Amazon profits nearly double as company ups Prime membership price

Amazon profits nearly double as company ups Prime membership price


Packages move along a conveyor at Amazon fulfillment center

Amazon said in October it expected increased labor and logistics costs to bring challenges to the final quarter of 2021.


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Amazon’s 2021 holiday shopping season was expected to be a slowdown from blockbuster performance a year earlier. On Thursday, the company’s fourth-quarter earnings showed consumers didn’t pump the brakes as much as expected on buying, even as supply chain issues weighed on retail. The company defied analysts’ expectations and its own predictions, turning a profit of $14.3 billion. 

In October, Amazon forecast declining profits, citing increased labor and logistics costs needed to keep its promise of fast deliveries. Instead, net sales in the October-December quarter rose 9% to $137.4 billion, just missing the average of $137.56 billion that analysts had expected, according to Yahoo. Earnings per share almost doubled to $27.75 from $14.09 the prior year. This trounced analysts’ forecasts of $3.48 for earnings per share.

In a call with reporters, Amazon chief financial officer Brian Olsavsky pointed to the IPO of Rivian, an electric vehicle maker that Amazon had invested in, as a major boost in to net income. Operating income fell to $3.5 billion in the fourth quarter from $6.9 billion in the previous year, which Olsavsky attributed to the increased labor and logistics costs that Amazon had expected to hit its profits in the last three months of the year.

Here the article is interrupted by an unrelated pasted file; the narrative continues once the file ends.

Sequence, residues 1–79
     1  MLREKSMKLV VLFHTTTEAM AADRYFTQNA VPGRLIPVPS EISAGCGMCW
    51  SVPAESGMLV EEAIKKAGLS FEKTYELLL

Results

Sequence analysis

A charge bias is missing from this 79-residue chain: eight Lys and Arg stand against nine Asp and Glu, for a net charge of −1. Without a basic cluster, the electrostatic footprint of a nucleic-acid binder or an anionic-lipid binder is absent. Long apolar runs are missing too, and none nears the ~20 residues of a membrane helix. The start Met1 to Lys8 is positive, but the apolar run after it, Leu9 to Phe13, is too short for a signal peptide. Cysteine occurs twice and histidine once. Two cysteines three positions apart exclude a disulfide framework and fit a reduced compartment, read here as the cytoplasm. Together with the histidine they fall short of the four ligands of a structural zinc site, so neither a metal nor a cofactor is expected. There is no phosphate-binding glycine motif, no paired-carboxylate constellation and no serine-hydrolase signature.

Olsavsky said Amazon’s decision to raise the cost of Prime membership in the first part of 2022 would help offset increasing labor and logistics costs in the future. The monthly cost will grow from $12.99 to $14.99, and an annual membership will go up from $119 to $139. Olsavsky also pointed to increased investment in Prime Video content, including an upcoming Lord of the Rings series and a Thursday Night Football deal with the NFL.

The e-commerce giant had warned in October that the fourth quarter would likely be tough because of an increasingly tight labor market. Amazon has significantly built out its warehouse space since the beginning of the pandemic, but says it hasn’t been able to fully staff those places. As a result, it’s offering workers increased starting wages in addition to hiring bonuses. It’s also paying more to move orders to fully staffed warehouses in order to get them to customers’ doors on time. 

While the issue didn’t impact profits the way Amazon predicted, the company still faces labor issues. Amazon workers are pushing back on expectations that they say have them working too hard without enough rest to recover. The earnings report comes a day before a union vote kicks off for workers at a warehouse in Alabama. Warehouse workers in New York are also trying to unionize. 

The earnings report is an improvement after a run of weak performances by Amazon. Profits halved in the third quarter for the same labor and logistics reasons. Sales slowed a quarter earlier despite a move in its Prime Day discount holiday to June.

The earnings report comes a year after Jeff Bezos said he would hand over the role of CEO to longtime Amazon insider Andy Jassy, who ran the company’s cloud computing operations at the time. Jassy took over in July, just as Amazon entered a period of slipping sales and profits. 

Like other Big Tech companies, Amazon is facing increasing regulatory scrutiny over labor and antitrust issues.



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